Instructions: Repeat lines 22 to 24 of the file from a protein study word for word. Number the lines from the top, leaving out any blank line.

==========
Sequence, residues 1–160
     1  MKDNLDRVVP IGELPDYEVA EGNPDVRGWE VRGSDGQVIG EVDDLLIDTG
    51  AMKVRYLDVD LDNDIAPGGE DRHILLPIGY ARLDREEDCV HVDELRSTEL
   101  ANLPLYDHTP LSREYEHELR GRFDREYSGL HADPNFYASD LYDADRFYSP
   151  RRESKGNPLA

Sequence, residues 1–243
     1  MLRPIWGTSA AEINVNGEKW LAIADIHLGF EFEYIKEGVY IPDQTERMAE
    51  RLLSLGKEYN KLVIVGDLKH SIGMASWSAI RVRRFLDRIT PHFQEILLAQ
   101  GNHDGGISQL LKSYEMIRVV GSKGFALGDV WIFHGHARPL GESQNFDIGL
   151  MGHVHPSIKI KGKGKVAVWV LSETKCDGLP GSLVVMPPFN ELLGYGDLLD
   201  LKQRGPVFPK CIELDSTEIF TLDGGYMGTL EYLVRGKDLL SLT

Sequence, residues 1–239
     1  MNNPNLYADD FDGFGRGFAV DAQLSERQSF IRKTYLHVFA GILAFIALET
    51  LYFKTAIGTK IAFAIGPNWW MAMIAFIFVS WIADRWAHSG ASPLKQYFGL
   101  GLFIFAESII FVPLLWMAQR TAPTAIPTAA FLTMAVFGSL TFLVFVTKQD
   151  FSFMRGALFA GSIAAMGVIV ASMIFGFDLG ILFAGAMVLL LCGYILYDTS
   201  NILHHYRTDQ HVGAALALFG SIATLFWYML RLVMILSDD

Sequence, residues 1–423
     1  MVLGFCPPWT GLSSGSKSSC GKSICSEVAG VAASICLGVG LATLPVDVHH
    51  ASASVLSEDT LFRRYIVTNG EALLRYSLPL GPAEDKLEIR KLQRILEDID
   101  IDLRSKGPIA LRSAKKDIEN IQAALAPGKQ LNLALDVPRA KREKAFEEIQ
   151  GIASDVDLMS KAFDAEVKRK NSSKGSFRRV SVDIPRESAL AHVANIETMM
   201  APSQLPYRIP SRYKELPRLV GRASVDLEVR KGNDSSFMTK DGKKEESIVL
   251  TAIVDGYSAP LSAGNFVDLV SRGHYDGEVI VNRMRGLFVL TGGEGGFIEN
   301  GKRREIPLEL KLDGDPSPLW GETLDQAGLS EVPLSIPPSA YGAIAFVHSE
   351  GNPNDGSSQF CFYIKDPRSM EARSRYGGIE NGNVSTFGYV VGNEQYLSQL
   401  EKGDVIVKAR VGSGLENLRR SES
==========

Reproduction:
   151  GIASDVDLMS KAFDAEVKRK NSSKGSFRRV SVDIPRESAL AHVANIETMM
   201  APSQLPYRIP SRYKELPRLV GRASVDLEVR KGNDSSFMTK DGKKEESIVL
   251  TAIVDGYSAP LSAGNFVDLV SRGHYDGEVI VNRMRGLFVL TGGEGGFIEN